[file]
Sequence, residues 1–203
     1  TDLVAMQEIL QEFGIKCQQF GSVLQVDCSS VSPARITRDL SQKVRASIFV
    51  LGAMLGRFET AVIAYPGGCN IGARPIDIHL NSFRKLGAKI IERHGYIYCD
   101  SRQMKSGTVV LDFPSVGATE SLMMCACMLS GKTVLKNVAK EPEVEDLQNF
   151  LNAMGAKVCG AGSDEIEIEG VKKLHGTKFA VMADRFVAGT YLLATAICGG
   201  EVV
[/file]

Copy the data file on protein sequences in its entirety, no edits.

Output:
Sequence, residues 1–203
     1  TDLVAMQEIL QEFGIKCQQF GSVLQVDCSS VSPARITRDL SQKVRASIFV
    51  LGAMLGRFET AVIAYPGGCN IGARPIDIHL NSFRKLGAKI IERHGYIYCD
   101  SRQMKSGTVV LDFPSVGATE SLMMCACMLS GKTVLKNVAK EPEVEDLQNF
   151  LNAMGAKVCG AGSDEIEIEG VKKLHGTKFA VMADRFVAGT YLLATAICGG
   201  EVV